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Angels - Your WRITES

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Fifty-six men in all stood on the deck. Guillermo Mendez had managed to remain below, out of sight of the others. Admiral Perez and the first mate stood in before the plank with Padre Domingo at their side. The first mate held onto the binds that held together the wrists of Pablo dos Santos.
The men were in varying standards of dress. The hour was late. It was still dark, but the dawn would appear very shortly. Some of the men had appeared on deck in nothing more than their sleeping gowns while others had managed to put on their trousers before appearing on deck under the gracious stars of the waning night. Admiral Perez was fully dressed, as was the padre, for the dignified status of the two men relied upon how they stepped out before the masses.
Pablo was wearing nothing more than tattered tan trousers. The fifteen-year-old lad had not been given the liberty of putting on shoes before he had been dragged mercilessly up here. His coarse, black hair was unkempt, and he had a deep gash on his right cheek, where the blood was just now beginning to dry. His young, brown eyes were filed with something that went beyond terror for he knew that there was blood on his hands.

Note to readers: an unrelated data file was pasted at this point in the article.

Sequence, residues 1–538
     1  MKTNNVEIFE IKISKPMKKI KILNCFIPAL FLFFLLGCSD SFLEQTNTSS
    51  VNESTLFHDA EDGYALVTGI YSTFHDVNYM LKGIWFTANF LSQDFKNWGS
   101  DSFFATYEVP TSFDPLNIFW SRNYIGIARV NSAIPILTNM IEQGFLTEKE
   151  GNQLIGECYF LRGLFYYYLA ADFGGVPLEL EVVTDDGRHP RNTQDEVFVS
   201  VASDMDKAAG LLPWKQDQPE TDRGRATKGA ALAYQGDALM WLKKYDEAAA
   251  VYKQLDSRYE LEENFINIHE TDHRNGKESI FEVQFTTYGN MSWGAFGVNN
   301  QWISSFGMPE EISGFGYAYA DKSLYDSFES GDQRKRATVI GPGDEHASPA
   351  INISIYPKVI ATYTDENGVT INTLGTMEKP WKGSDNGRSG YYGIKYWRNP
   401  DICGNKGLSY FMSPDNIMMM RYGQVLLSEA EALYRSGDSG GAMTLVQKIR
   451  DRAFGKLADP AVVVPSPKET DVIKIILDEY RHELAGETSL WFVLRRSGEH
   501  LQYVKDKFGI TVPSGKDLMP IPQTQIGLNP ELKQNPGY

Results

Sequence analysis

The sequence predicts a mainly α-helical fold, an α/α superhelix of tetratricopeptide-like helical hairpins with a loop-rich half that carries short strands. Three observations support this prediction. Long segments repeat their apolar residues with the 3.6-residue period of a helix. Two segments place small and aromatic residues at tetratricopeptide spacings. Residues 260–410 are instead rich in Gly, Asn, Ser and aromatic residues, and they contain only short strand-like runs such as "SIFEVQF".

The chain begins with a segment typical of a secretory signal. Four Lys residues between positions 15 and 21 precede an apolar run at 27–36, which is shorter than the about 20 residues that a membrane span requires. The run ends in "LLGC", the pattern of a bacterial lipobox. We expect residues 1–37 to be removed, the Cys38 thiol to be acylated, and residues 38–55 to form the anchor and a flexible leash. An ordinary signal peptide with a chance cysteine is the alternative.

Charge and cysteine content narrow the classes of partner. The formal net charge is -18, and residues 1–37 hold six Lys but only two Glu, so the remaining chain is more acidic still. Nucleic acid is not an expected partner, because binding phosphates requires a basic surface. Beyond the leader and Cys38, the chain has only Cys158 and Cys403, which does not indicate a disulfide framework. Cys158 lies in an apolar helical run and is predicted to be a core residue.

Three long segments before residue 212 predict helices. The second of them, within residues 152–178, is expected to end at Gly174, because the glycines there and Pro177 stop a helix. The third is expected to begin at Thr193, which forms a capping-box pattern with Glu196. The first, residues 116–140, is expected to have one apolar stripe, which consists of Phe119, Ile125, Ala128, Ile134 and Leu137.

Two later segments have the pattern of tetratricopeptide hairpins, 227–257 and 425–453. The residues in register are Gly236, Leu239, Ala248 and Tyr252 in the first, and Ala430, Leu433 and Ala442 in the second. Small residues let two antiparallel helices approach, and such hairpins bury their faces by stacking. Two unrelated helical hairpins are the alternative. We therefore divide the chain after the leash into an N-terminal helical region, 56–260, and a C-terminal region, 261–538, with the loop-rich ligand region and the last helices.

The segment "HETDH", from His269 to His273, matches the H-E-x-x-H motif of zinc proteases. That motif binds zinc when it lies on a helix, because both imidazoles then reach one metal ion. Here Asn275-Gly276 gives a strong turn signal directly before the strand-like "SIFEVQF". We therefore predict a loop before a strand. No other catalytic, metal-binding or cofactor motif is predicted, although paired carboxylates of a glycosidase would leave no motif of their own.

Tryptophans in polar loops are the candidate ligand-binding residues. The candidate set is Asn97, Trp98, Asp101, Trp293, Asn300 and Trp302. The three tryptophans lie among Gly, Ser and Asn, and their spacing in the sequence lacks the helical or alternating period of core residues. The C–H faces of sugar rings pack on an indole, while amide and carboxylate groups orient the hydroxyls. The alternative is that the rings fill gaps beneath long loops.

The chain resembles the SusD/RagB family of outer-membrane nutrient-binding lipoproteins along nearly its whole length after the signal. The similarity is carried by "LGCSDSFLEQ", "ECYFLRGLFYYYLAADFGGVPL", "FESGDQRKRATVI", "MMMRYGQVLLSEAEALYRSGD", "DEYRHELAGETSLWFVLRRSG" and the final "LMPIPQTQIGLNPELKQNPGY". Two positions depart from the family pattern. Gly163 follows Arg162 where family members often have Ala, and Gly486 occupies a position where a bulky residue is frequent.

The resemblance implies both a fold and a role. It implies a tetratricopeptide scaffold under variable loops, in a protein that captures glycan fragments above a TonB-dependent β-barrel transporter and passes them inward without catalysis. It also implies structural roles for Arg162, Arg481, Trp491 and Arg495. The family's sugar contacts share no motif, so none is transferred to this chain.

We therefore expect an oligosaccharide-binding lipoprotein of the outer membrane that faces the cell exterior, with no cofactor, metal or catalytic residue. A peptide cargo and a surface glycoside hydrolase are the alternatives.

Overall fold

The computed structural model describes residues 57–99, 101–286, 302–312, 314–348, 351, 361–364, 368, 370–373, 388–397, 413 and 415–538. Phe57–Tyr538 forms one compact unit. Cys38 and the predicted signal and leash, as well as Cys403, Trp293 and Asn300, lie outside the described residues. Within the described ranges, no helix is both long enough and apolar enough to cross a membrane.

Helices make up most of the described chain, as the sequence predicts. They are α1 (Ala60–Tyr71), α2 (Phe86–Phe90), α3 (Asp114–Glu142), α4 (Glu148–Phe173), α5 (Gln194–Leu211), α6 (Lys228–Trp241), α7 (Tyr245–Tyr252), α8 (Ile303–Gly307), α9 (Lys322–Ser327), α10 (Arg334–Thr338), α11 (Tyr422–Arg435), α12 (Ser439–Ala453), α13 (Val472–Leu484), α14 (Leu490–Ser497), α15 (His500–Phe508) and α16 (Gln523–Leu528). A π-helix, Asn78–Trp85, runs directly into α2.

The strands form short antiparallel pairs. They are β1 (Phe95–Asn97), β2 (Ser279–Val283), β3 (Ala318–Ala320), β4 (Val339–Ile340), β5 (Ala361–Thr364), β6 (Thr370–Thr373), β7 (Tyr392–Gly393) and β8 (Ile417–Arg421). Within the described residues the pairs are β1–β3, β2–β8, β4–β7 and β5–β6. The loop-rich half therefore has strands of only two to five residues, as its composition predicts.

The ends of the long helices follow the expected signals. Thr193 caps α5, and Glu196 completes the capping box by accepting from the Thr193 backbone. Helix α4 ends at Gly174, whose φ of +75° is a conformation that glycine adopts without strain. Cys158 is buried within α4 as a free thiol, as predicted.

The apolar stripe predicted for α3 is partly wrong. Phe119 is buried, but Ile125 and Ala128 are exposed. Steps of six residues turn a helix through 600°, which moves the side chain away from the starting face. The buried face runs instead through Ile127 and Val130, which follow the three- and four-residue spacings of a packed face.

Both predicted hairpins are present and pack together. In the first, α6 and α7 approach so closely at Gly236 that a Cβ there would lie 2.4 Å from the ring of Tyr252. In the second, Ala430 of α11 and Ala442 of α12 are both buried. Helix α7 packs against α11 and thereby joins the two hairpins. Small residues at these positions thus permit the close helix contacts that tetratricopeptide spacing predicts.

Juan Jimenez, the swarthy rogue of the crew whom everybody had adored until this fateful hour, stood on the plank. His hands were tied behind his back in a very uncomfortable bind. The rope gnawed at the flesh of his wrists, but as he looked into the dark water that surrounded the ship, he knew that a fate worse than that awaited him shortly.
Juan had been an experienced sailor. This had been his seventh voyage on one of Her Majesty’s vessels, and he had earned himself a reputation as a masterful sailor as well as a risk taker. He could have put himself in front of any sword or walked on any fire for no reason other than the fact that he could do it. He had been admired by any man whose path he had crossed.
Now, he looked at the rocking waves below him. That would be his grave. The sea air would be his last rites, and the fish and sharks would be his pall bearers. Who would mourn him? Certainly no inhabitant of all the Pacific islands he had explored until now and nobody on Her Majesty’s shores. Perhaps there might be one who would mourn him, and he thought of poor Pablo, but that period of mourning would not be long-lasting.